Massive collection of breached data with 26 billion records puts majority of internet users at risk

published: Jan. 23, 2024

Take action: Given the volume of data, you can safely assume some of your accounts are in it. While the leaked data set contains mostly data from previous breaches, now it's collected and packaged in a single set and enables attackers to craft more comprehensive attacks, both abusing the passwords in the leak as well as accounts and platforms in social engineering and phishing attacks. Time to activate MFA on EVERYTHING and be very weary of random messages on all channels - email, social media, SMS, and everything in between.


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Security researchers have uncovered a colossal data breach, dubbed the "Mother of All Breaches" (MOAB), comprising approximately 26 billion records and spanning 12 terabytes. This breach, believed to be the largest to date, was discovered by Security Discovery and CyberNews and consists mainly of compiled records from numerous previous breaches and leaks.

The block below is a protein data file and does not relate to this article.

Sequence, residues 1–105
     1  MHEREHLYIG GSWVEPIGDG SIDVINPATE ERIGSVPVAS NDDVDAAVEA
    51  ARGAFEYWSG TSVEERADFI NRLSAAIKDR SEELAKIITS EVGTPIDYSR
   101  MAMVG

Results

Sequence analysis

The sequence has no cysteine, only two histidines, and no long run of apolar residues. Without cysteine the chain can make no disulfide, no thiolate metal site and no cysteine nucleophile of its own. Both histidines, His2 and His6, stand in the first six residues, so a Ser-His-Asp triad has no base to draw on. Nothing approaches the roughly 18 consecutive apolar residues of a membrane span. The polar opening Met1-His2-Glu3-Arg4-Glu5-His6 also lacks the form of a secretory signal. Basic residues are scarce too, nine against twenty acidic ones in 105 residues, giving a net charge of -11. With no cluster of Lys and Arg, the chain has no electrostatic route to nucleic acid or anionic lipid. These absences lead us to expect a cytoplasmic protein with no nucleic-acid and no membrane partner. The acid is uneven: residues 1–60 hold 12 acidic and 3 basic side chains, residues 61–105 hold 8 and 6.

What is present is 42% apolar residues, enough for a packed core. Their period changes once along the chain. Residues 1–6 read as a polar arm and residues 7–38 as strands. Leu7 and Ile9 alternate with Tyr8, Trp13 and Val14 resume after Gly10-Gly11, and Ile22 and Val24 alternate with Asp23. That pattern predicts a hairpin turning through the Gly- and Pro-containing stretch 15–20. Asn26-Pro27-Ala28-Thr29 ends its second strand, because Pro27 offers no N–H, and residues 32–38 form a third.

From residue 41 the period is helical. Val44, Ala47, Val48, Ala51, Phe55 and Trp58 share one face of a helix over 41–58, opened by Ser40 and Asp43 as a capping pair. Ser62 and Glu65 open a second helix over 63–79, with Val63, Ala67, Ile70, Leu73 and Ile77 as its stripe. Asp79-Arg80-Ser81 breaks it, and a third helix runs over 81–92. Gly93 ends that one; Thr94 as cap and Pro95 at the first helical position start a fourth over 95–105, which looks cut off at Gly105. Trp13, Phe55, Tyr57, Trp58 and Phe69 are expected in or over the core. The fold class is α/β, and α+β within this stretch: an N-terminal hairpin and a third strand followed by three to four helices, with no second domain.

The database, found on an open storage instance, likely created by a malicious actor or data broker, includes data from various platforms such as (the list is not exhaustive):

  • Tencent,
  • Weibo,
  • Twitter,
  • Dropbox,
  • LinkedIn,
  • Adobe,
  • Canva,
  • Telegram,
  • U.S. and other government organizations.
  • MySpace,
  • MyFitnessPal,
  • JD.com

The most affected entity appears to be the Chinese instant messaging app Tencent QQ, with around 1.4 billion records stolen. Moreover, data from various government organizations across multiple countries, including the US, Brazil, Germany, Philippines, and Turkey, is also part of the leak.

The dataset includes usernames and password combinations, heightening the risk of credential stuffing attacks. The leaked records pose significant risks, enabling potential identity theft, phishing schemes, targeted cyberattacks, and unauthorized account access.

Massive collection of breached data with 26 billion records puts majority of internet users at risk